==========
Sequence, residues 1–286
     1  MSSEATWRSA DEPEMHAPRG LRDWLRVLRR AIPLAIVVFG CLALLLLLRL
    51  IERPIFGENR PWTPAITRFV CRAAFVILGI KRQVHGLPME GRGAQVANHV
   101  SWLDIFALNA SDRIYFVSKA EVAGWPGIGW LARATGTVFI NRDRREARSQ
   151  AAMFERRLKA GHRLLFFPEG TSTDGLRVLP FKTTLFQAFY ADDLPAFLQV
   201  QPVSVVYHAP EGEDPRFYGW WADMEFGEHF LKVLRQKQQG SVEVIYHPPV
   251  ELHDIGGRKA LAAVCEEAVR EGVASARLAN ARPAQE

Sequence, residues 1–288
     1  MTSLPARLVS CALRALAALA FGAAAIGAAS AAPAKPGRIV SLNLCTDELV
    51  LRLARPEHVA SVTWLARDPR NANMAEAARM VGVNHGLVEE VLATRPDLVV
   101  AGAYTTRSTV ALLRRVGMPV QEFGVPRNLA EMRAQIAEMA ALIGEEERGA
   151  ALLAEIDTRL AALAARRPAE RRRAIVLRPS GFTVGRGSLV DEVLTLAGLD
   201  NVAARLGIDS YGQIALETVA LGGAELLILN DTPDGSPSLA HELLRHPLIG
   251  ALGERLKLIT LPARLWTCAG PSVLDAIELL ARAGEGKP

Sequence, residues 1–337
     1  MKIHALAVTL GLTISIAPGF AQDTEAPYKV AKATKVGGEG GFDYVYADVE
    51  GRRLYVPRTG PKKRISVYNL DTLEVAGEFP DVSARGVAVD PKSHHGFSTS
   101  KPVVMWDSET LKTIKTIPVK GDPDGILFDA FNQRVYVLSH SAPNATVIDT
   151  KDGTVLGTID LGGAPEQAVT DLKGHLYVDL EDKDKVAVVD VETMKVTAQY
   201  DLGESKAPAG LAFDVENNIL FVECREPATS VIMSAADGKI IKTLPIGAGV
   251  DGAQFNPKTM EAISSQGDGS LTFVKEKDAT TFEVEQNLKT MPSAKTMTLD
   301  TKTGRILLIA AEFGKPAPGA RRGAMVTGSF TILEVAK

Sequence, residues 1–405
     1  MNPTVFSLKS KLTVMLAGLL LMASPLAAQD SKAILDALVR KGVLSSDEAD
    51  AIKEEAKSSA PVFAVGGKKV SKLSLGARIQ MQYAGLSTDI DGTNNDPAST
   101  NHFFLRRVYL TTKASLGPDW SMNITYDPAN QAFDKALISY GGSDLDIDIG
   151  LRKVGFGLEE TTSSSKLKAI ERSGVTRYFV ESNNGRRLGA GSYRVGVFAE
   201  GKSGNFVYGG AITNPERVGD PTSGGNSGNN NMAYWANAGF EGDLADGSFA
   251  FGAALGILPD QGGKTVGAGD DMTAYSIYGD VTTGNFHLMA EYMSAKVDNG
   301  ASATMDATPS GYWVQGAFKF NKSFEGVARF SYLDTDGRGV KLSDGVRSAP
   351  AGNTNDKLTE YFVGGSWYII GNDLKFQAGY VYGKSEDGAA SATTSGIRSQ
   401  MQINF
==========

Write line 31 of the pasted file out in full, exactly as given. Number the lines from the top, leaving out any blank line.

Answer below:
   351  AGNTNDKLTE YFVGGSWYII GNDLKFQAGY VYGKSEDGAA SATTSGIRSQ